12. Matthew L. Harris, Thunder from the Right: Ezra Taft Benson in Mormonism and Politics (Urbana: University of Illinois Press, 2019); Petrey, Tabernacles of Clay; and Neil J. Young, We Gather Together: The Religious Right and the Problem of Interfaith Politics (New York: Oxford University Press, 2016).
13. Petrey, Tabernacles of Clay, 106.
14. Scholarship has examined the ways that political discourse around gender and sexuality, heavily influenced by the Religious Right, has been used to police people of color in the United States. For an example, see Traci C. West, “The Policing of Poor Black Women’s Sexual Reproduction,” in God Forbid: Religion and Sex in American Public Life, ed. Kathleen M. Sands (New York: Oxford University Press, 2000), 135-54. Petrey, Tabernacles of Clay, 122.
15. Joanna Brooks, Mormonism and White Supremacy: American Religion and the Problem of Racial Innocence (New York: Oxford University Press, 2020).
16. Mohrman, “Exceptionally Queer.”
17. Of course, Mormonism has been criticized in a variety of ways, to a variety of degrees, and for a variety of issues by a variety of people. That criticism cannot be concisely identified and segregated to specific decades; however, my temporal designations here refer to high points in the kinds of criticism Mormonism was subject to during specific periods.
18. Courtney W. Bailey and Adam James Zahren, “Post-Homophobia Comes Out: The Rise of Mormon Polygamy in US Popular Culture,” Queer Studies in Media & Popular Culture 1, no. 2 (June 2016): 160. Also see Margaret Denike, “What’s Queer About Polygamy?” in Queer Theory, Law, Culture, and Empire, ed. Robert Leckey and Kim Brooks (New York: Routledge, 2010), 137-53 for a similar example. Weber discusses these two tropes in chapters 3 and 4 of Latter-day Screens.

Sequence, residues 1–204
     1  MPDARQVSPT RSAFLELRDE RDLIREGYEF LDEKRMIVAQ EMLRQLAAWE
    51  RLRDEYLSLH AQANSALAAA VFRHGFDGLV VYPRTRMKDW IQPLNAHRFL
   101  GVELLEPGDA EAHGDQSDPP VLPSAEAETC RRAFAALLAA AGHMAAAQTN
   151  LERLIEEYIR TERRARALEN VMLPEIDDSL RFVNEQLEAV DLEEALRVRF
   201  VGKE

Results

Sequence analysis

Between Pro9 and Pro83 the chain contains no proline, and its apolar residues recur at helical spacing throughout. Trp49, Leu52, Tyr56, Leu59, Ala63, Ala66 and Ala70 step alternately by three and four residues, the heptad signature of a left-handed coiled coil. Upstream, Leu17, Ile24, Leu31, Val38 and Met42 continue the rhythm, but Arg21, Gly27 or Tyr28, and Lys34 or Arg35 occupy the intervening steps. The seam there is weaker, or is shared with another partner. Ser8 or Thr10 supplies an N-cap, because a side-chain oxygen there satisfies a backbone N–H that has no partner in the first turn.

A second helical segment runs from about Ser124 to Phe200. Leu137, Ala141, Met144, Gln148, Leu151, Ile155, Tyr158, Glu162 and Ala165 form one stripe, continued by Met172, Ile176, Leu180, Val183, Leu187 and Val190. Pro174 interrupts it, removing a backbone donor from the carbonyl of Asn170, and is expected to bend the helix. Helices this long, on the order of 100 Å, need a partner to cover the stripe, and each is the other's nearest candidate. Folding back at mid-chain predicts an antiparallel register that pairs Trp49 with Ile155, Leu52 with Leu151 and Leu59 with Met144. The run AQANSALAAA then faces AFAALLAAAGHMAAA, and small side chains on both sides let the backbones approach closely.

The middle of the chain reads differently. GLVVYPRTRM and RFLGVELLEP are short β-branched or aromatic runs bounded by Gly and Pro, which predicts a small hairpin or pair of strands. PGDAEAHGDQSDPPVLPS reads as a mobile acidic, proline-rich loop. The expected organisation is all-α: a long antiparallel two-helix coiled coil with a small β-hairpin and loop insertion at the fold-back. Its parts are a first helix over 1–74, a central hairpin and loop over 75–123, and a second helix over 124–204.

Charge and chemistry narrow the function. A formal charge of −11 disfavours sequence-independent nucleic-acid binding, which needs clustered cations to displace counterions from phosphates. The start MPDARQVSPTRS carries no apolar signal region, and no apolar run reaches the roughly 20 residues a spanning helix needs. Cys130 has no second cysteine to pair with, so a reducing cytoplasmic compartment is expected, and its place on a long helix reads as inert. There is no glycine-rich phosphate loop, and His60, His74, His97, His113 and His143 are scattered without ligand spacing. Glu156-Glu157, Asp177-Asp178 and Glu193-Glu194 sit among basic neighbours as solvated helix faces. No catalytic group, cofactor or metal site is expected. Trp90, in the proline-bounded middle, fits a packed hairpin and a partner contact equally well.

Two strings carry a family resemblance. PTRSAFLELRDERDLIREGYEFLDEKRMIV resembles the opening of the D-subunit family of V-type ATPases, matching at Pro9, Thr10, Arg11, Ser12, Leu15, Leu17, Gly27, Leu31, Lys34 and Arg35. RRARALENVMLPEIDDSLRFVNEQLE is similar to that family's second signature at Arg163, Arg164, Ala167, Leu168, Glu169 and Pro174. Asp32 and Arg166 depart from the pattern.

19. See Mohrman, “Exceptionally Queer” and “Polygamy.”
20. See Siobhan B. Somerville, “Queer Loving,” GLQ: Journal of Gay and Lesbian Studies 1, no. 3 (2005): 335-70, and Molly McGarry, “Crimes of Moral Turpitude: Questions at the Borders of Religion, the Secular, and the U.S. Nation-State,” in Religion, the Secular, and the Politics of Sexual Difference, ed. Linell E. Cady and Tracy Fessenden (New York: Columbia University Press, 2013), 175-94, for discussion of the ways sexual and moral categories have historically been used to restrict immigration without explicitly citing, but still targeting racial, national, and religious identity.
21. For two of numerous possible examples, see Mark Snyder, “Historic LGBT-Faith Coalition Backs Nondiscrimination in Utah,” Equality Federation, March 4, 2015, https://www.equalityfederation.org/2015/03/historic-lgbt-faith-coalition-backs-non-discrimination-in-utah/; and Young, “Mormons and Same-Sex Marriage,” esp. 162-69.
22. Prince in Gay Rights and the Mormon Church, for example, charts “a subtle shift in the rhetoric of the LDS Church hierarchy” that utilizes a particular conception of religious freedom in opposition to other civil rights (248).
23. Sister Wives, season 12, episode 14, “Risking Arrest Part 2,” aired April 1, 2018, on The Learning Channel.
Copyright 2021 by the Board of Trustees of the University of Illinois